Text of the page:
Twenty years ago Austin, Texas was a small, unassuming city whose greatest distinctions were being the state capital and the home of the University of Texas. Today Austin is touted in such places as the Wall Street Journal and the New York Times as one of the fastest-growing cities in America. Its population shot up from 186,000 in 1960 to more than 700,000 in 1987. It is home to such notable companies as IBM, Motorola, Lockhead, and Tracor, and in 1983 Austin beat out scores of American cities to attract the glamorous high tech research consortium known as MCC.
|Publisher:||Wipf & Stock Publishers|
|Product dimensions:||(w) x 9.13(h) x (d)|
About the Author
Anthony M. Orum is Professor of Sociology and Political Science at the University of Illinois at Chicago. Previously he taught in the Department of Sociology at the University of Texas at Austin for fifteen years (1972-1986). Besides this book on Austin, he has also written two other books on cities: City-Building in America (Westview Press, 1995) and, with Xiangming Chen, The World of Cities: Historical and Comparative Perspectives (Blackwell Publishers, 2002). He is the Inaugural Editor of a new quarterly journal, cosponsored by the American Sociological Association and its Community and Urban Sociology section, City & Community. He has also written on methods in the social sciences, including, Joe Feagin, Anthony Orum, and Gideon Sjoberg (coeditors), A Case for the Case Study (University of North Carolina Press, 1991) and , on politics, including Anthony Orum, Introduction to Political Sociology, 4th edition (Prentice-Hall, 2001). Presently he is involved in two new projects, one, with Xiangming Chen, a study of the impact of globalization on Shanghai, and , the other, a study of the ways in which the latest generation of American immigrants has reshaped cities like Chicago.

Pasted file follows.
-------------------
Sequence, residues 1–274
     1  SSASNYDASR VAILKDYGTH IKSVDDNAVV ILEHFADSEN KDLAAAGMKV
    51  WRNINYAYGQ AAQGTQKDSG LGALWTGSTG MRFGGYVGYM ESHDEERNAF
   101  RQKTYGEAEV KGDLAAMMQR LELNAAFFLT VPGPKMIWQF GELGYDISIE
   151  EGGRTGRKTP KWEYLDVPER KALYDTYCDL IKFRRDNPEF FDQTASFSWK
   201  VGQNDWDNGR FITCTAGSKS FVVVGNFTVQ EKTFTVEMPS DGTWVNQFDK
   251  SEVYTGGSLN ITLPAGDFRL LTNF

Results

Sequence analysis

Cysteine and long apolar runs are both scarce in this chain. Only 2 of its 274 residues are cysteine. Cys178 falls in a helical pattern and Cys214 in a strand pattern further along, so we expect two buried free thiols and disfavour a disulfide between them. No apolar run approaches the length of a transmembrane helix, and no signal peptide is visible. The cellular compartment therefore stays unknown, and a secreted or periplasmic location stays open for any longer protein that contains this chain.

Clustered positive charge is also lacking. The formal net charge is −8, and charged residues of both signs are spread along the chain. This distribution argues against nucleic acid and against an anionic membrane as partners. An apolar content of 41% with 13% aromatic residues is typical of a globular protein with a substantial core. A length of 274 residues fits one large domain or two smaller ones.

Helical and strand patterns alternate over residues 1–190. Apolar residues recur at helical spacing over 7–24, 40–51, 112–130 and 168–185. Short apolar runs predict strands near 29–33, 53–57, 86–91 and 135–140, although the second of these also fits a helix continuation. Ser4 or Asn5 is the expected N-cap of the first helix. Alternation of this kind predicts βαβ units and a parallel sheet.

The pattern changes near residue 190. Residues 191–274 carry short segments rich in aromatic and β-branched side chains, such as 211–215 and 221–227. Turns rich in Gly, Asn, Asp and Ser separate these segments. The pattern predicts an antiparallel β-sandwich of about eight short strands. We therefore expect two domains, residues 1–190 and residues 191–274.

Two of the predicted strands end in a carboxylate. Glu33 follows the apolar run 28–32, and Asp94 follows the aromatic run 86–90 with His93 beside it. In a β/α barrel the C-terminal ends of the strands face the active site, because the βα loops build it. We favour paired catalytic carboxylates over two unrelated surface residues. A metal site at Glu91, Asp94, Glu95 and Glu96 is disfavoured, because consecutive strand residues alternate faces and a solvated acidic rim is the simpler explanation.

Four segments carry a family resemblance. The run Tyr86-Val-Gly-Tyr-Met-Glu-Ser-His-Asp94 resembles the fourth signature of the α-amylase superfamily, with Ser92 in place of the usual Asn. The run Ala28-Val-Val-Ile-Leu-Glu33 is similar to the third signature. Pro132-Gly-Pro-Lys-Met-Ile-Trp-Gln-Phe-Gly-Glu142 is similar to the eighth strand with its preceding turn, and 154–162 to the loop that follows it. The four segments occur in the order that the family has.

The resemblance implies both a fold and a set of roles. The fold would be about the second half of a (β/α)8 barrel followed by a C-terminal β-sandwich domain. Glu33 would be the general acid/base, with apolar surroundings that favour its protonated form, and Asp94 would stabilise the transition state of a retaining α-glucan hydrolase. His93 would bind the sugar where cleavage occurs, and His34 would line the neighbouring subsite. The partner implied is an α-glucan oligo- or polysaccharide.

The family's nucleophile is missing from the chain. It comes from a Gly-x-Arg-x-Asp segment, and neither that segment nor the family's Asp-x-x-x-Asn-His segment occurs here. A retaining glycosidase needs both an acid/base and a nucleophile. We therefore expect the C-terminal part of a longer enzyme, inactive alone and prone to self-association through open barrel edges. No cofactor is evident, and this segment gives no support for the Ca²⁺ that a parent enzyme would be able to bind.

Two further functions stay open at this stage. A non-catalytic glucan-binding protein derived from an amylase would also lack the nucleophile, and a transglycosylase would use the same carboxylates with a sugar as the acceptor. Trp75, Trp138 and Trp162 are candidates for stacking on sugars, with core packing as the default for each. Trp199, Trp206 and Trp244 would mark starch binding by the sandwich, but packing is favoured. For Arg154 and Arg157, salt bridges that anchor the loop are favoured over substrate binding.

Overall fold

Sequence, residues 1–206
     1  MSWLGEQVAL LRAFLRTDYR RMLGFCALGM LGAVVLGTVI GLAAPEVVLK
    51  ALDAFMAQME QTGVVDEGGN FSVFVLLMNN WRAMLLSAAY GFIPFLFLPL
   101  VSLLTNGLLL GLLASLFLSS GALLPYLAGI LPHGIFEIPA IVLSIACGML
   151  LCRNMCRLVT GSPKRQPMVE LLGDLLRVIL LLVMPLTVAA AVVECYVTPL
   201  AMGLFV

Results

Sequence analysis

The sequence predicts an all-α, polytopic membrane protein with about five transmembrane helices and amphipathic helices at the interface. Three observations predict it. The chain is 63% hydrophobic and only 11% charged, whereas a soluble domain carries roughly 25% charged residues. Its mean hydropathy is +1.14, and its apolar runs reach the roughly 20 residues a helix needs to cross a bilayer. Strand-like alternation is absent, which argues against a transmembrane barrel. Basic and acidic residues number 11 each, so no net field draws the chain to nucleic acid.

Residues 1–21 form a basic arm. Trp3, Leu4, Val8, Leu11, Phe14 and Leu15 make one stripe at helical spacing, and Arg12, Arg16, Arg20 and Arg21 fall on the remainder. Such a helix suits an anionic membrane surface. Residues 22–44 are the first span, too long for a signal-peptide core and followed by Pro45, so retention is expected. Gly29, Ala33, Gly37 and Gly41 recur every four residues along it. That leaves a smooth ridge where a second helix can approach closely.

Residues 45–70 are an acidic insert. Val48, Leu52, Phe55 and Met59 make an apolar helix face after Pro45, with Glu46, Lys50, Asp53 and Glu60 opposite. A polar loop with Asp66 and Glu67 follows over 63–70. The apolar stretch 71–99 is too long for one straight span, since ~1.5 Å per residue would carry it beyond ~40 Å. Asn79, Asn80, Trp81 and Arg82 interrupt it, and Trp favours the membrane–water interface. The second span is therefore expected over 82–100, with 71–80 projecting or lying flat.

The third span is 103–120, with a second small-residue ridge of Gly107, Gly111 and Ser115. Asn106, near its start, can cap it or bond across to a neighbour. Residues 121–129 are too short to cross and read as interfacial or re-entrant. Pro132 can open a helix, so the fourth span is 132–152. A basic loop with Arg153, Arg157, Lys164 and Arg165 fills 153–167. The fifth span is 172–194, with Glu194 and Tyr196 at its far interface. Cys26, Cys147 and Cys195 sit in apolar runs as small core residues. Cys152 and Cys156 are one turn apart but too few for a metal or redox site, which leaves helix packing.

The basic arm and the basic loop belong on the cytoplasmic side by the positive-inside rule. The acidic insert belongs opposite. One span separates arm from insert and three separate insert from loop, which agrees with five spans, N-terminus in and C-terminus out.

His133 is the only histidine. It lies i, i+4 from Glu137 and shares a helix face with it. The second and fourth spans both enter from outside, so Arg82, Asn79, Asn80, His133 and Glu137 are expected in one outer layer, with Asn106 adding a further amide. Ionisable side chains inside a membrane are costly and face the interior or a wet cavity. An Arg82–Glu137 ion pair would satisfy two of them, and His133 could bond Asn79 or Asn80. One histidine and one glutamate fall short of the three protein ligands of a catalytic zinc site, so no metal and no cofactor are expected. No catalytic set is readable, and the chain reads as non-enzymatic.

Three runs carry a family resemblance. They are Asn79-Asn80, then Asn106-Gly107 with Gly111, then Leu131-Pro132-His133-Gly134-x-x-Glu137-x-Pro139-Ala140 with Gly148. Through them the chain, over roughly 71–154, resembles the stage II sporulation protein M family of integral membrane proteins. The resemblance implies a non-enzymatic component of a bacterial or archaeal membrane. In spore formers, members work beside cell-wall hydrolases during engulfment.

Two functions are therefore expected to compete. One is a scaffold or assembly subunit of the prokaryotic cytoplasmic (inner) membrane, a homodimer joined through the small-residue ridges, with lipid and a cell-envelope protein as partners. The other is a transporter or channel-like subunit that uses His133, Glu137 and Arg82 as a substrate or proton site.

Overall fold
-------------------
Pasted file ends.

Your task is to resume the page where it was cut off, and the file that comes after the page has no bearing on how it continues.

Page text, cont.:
Most Helpful Customer Reviews
essential book for austinites, a history that avoids the usual creaky T.R. Fehrenbach stuff and concentrates on the city, the people and the politics of the 20th century